take 10 Re­bekah McCabe

Re­bekah McCabe is se­nior project of­fi­cer with In­volve, a char­ity which aims to pro­mote more pub­lic par­tic­i­pa­tion in de­ci­sion mak­ing. The first mem­ber of the In­volve team to be based here, she is work­ing on the de­vel­op­ment of a Cit­i­zens’ Assem­bly for North

Belfast Telegraph - Weekend - - INTERVIEW -

What is your ear­li­est mem­ory?

It’s hard to pin down a spe­cific event, but I have vivid early mem­o­ries of quite a feral child­hood in the woods and bog­lands around where I grew up in the Ir­ish midlands.

Who is the most im­por­tant per­son in your life?

I couldn’t choose one — my part­ner, my fam­ily and my friends are all bril­liant peo­ple who I’d be lost with­out.

Shock us — tell us some­thing sur­pris­ing about your­self?

Well, play­ing a lead role in the Cit­i­zens’ Assem­bly for North­ern Ire­land, start­ing this week­end, has sur­prised even me. I’ve had a me­an­der­ing ca­reer and don’t know if I could have fore­seen do­ing this par­tic­u­lar job when I started out, but I’m thrilled to be work­ing so closely on such an ex­cit­ing ad­di­tion to po­lit­i­cal dis­course in North­ern Ire­land.

What is your great­est fear?

There’s too much fear do­ing the rounds th­ese days — it breeds dis­trust and anger, and stops us from seek­ing so­lu­tions.

What makes you most happy?

Be­ing with the peo­ple I care about and the op­por­tu­nity to do ful­fill­ing work. Work­ing at In­volve on the first Cit­i­zens’ Assem­bly for North­ern Ire­land is a dream job. It com­bines a lot of the is­sues I care about, par­tic­u­larly creat­ing space for peo­ple to come to­gether de­spite their dif­fer­ences to ad­dress prob­lems in new ways. That so many of the peo­ple I get to work with are also smart, sup­port­ive and ded­i­cated is a bonus and a clear recipe for hap­pi­ness.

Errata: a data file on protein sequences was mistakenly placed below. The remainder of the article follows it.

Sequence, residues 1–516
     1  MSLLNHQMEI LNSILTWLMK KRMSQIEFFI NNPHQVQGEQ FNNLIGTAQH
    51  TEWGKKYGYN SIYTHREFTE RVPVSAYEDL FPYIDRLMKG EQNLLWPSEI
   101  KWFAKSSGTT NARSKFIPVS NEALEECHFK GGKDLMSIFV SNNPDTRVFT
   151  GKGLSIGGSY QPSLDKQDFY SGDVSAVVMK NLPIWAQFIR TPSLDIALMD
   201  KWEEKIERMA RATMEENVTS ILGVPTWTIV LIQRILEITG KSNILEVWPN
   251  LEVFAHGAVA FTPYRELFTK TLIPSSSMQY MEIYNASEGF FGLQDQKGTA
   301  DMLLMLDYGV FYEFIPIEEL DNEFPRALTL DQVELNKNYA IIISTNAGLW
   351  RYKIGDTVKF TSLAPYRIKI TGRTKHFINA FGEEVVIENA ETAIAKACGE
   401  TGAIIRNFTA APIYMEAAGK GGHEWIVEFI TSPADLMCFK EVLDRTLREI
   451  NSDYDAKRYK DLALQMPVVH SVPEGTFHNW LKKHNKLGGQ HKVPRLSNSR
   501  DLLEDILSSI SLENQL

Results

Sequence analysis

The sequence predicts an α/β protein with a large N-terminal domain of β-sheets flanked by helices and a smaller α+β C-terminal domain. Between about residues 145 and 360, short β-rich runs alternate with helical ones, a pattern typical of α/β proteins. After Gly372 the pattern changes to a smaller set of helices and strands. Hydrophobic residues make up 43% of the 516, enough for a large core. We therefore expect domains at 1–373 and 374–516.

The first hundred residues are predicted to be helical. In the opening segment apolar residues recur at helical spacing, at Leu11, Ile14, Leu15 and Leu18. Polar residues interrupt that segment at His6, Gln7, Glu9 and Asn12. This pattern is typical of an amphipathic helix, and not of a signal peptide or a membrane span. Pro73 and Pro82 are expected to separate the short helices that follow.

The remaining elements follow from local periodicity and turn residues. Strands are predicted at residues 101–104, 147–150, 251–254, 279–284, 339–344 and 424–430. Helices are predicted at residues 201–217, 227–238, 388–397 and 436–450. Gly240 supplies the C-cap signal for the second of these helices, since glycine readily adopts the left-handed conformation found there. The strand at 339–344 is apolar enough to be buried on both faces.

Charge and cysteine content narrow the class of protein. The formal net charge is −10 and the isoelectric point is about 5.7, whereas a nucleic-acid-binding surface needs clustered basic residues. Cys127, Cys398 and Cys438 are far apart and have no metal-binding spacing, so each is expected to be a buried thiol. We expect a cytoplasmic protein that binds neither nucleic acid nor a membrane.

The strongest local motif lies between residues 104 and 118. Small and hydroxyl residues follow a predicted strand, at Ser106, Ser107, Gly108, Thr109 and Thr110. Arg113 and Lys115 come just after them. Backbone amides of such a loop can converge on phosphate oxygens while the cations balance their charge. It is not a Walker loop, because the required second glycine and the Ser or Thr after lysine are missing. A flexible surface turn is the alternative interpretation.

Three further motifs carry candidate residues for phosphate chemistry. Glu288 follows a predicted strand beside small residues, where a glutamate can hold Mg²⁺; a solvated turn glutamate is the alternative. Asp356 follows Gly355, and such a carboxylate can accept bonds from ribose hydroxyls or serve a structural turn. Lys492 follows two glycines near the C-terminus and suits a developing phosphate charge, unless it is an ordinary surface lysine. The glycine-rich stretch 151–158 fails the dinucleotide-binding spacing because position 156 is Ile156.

What is your big­gest regret?

There’s not enough time for re­grets. Al­though I do wish I’d learned how to sew.

What’s the most im­por­tant les­son you have learned in your life?

My back­ground in an­thro­pol­ogy taught me that hu­man di­ver­sity, in all its forms, is our great­est strength and it is some­thing that we should cher­ish and cel­e­brate. That, and also how to cook food.

How do you chill out?

With great difficulty, but usu­ally sleep, books, good com­pany and a long walk will be part of the mix.

The book, the song and the film that means most to you and why?

I couldn’t sin­gle one out as there are so many that I like — there are too many that hold mean­ing for dif­fer­ent rea­sons. As far as books go, the one that’s by my bed, and which feels very im­por­tant right now, is Hope in the Dark, by Re­becca Sol­nit. It’s a much-needed re­minder that change hap­pens in small, in­cre­men­tal and of­ten in­di­rect ways, and that hu­mans have an in­fi­nite ca­pac­ity to en­vi­sion new worlds.

If you could change one thing about your­self, what would it be and why?

Oh, there’s plenty of room for im­prove­ment. Maybe I’d worry less. Ac­tu­ally, I’d like to be bet­ter at keeping in touch with peo­ple.

The Cit­i­zens’ Assem­bly is meet­ing next week­end, November 16-18. Mem­bers will look at the pub­lic’s as­pi­ra­tions for a so­cial care sys­tem fit for the fu­ture, in­clud­ing the role the health ser­vice, com­mu­ni­ties and in­di­vid­u­als need to play. Led by In­volve, the de­vel­op­ment of the Cit­i­zens’ Assem­bly for North­ern Ire­land is funded by Build­ing Change Trust, Open So­ci­ety Foun­da­tions, Com­mu­nity Foun­da­tion for North­ern Ire­land, and the Paul Ham­lyn Foun­da­tion.

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